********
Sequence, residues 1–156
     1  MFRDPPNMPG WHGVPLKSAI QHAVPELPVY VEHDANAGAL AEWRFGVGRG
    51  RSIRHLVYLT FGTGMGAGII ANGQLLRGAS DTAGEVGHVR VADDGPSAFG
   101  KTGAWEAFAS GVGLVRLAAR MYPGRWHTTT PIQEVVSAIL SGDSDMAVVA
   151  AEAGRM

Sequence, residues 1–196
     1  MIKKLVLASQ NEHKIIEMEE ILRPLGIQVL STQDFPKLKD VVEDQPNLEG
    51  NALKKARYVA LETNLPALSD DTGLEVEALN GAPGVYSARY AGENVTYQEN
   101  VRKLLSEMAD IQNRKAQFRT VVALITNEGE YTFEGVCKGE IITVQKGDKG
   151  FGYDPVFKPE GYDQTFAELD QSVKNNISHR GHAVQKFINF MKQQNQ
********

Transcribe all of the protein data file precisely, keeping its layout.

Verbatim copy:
Sequence, residues 1–156
     1  MFRDPPNMPG WHGVPLKSAI QHAVPELPVY VEHDANAGAL AEWRFGVGRG
    51  RSIRHLVYLT FGTGMGAGII ANGQLLRGAS DTAGEVGHVR VADDGPSAFG
   101  KTGAWEAFAS GVGLVRLAAR MYPGRWHTTT PIQEVVSAIL SGDSDMAVVA
   151  AEAGRM

Sequence, residues 1–196
     1  MIKKLVLASQ NEHKIIEMEE ILRPLGIQVL STQDFPKLKD VVEDQPNLEG
    51  NALKKARYVA LETNLPALSD DTGLEVEALN GAPGVYSARY AGENVTYQEN
   101  VRKLLSEMAD IQNRKAQFRT VVALITNEGE YTFEGVCKGE IITVQKGDKG
   151  FGYDPVFKPE GYDQTFAELD QSVKNNISHR GHAVQKFINF MKQQNQ